Yoann Gourcuff's reintegration into Lyon's first-team turned out to be nothing more than a run-out, so convincing was the 3-0 lead at the Stade Gerland when the playmaker entered play.
With a crucial Champions League tie against Real Madrid on next week's agenda, the return of a player of Gourcuff's technical quality and experience was a welcome sign indeed for Les Gones—who famously knocked the Madridistas out of the Champions League Round of 16 in 2010.
The 25-year-old midfielder looked antsy in the Lyon dugout before the match, drumming his feet on the turf, raring to finally play football after so many months spent languishing on the sideline.
He didn't have long to wait before entering the field of play, however. Clement Grenier, one of the brightest talents on display at the U-20 World Cup for France this past summer, and a starter for Lyon on the night, was forced off just before halftime with an apparent injury.
The stage was set for Gourcuff as early as the 43rd minute.
A rousing home reception welcomed back the embattled French midfielder as he jogged onto the pitch. It was just the sort of confidence boost to reinvigorate Gourcuff, whose career has stalled, symbolically as well as literally. He has been on the sidelines all summer undergoing a grueling recovery process from ankle surgery.
Gourcuff had missed the final four matches of European qualifying for Les Bleus, and though his spot in next summer's championships is by no means in any danger, he would certainly have enjoyed being on the pitch after Tuesday's match against Bosnia and Herzegovina—when France sealed their automatic inclusion in Euro 2012 with a 1-1 draw.
Samir Nasri, Gourcuff's main rival for the attacking midfield position with the national team, was sensational in both recent fixtures against Albania and then Bosnia, scoring the penalty that turned out to spell French salvation.
While Gourcuff could theoretically slot into the holding creative role Yohan Cabaye currently enjoys with Les Bleus, it will take a return to the sort of form Yoann was in from 2008 to the start of 2010 to unseat the Newcastle playmaker.
Inconsistency has rocked Gourcuff ever since his move to Lyon. He has shown brief glimpses of the prowess he once displayed on weekly basis, but nothing continuous.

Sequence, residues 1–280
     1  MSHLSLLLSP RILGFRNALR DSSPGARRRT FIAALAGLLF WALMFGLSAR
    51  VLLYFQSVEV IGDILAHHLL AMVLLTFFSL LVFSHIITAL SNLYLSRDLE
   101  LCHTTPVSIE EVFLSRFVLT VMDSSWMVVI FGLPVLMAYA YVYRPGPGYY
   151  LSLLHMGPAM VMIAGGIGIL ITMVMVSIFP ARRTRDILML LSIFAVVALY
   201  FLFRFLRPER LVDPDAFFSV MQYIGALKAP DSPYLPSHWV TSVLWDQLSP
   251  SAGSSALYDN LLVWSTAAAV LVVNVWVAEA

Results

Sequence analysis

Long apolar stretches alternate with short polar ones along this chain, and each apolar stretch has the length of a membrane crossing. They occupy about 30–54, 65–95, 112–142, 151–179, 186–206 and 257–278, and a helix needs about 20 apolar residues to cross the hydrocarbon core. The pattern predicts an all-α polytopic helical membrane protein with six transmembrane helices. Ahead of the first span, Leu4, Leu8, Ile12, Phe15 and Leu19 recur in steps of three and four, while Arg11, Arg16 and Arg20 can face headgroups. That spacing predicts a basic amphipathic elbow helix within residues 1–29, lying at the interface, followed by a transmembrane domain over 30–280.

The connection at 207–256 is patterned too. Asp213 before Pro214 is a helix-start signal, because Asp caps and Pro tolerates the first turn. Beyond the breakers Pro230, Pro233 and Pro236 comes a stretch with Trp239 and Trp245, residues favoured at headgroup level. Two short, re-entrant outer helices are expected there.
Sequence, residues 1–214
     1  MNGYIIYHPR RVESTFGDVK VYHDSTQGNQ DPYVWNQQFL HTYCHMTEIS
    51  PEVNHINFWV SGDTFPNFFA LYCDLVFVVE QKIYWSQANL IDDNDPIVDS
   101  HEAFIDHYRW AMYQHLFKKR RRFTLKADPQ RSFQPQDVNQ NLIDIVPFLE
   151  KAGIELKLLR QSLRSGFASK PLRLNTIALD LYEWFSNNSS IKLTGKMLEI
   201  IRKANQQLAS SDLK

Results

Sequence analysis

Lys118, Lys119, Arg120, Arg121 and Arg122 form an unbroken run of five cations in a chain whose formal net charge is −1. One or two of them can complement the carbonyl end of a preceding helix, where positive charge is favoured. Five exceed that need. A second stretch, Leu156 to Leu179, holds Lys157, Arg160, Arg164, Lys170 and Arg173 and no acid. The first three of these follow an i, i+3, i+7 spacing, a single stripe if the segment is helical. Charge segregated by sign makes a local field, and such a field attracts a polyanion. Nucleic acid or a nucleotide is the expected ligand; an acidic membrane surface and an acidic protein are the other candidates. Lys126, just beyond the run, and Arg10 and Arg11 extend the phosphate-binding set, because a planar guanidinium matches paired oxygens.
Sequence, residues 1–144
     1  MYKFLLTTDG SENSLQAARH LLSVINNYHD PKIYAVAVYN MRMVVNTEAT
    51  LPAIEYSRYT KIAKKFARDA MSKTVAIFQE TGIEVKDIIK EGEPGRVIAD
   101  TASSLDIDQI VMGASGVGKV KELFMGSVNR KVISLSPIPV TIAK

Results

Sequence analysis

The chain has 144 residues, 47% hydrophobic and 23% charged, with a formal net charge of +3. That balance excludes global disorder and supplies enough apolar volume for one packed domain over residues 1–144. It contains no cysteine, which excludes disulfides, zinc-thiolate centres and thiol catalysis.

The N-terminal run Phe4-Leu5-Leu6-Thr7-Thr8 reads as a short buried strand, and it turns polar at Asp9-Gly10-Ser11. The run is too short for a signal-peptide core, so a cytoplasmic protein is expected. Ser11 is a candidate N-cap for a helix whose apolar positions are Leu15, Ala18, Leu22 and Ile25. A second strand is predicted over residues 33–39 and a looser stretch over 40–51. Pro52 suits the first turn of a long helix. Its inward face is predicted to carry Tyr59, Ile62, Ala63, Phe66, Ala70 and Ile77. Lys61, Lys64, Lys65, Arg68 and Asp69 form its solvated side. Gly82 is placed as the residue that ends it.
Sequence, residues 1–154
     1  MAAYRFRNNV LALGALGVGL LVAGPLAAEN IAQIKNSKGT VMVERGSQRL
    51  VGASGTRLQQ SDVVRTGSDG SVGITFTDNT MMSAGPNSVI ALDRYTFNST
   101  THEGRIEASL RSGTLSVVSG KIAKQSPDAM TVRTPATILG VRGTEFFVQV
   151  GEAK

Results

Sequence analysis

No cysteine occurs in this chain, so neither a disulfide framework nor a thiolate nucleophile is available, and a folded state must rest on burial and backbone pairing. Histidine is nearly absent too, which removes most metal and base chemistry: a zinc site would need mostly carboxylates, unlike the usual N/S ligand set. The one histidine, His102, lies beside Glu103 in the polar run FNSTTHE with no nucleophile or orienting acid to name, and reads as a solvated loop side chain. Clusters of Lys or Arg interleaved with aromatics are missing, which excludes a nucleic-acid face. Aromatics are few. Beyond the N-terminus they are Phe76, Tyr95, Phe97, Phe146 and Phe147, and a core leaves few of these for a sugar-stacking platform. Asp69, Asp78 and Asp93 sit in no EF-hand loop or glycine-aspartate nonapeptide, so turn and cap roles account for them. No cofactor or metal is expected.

His first action on Saturday entailed a 40-yard free kick. That iconic run-up was still the same, unfettered by the months of repose, but the delivery was woefully inadequate. Images conjured of an astronaut returning to land, taking his first few steps after a long sojourn in space. Awkward—what had once come as naturally as breathing seemed foreign.
It was far below the usual standards of the Bretagne-born player, and it will take some time for Gourcuff to find his legs and recover that scintillating vein of form so in danger of becoming erstwhile during some of his most trying spells last season.
A crunching challenge by Nancy's Jordan Loties on Gourcuff had some Lyonnais fans' hearts lurching to their mouths, but the former 22 million euro signing bounced up as if nothing had happened. An encouraging sign, to be sure.
Slotting into his favored position of attacking midfielder behind Lyon front man Bafetimi Gomis, Gourcuff was given license to roam by coach Remi Garde. Worries that he might struggle to integrate the 4-2-3-1 used by the new boss, a departure from former coach Claude Puel's more streamlined 4-3-3, were widely allayed.
While there are some—Gourcuff's father Christian, manager of FC Lorient, among them—who believe Gourcuff's future will be in that sort of creative holding role in central midfield that Cabaye has made his own with France, and Andrea Pirlo has assumed for years for club and country, for now, that attacking midfield position looks to be the one most enjoyed by the Lyon and France No. 8.
With the visitors doing little in the way of threatening the Lyon goal, electing for waste instead of industrious link-up play, Gourcuff was free to drift about the middle third, combining well with teammates. He was able to execute some of the slick dribbling that had won him such renown in previous years (I'll never forget watching one glorious feint-and-subsequent-shimmy against Bayern Munich in late '09—it was pure poetry), and even launched a well-timed run that nearly saw him bag a goal.
Considering the relentless energy that accompanied the first half, the second was always going to struggle to keep the same rhythm. Still, it might have been the perfect situation for Gourcuff to come back. An encounter that had gone from hot to tepid by the time he'd entered—ideal for a return.
His passes were mostly of the perfectly-weighted variety, sailing through the air before dropping perfectly for their intended targets. Gourcuff truly is sensational to watch at times.
While Madrid will certainly be number of notches above Nancy, and perhaps a better barometer of where Gourcuff is at physically, Saturday's match was always going to be about hope.
The playmaker looked fully fit, if a little fatigued from lack of fitness.
It was an encouraging sign for Lyon. For the for the rest of French football, not so much.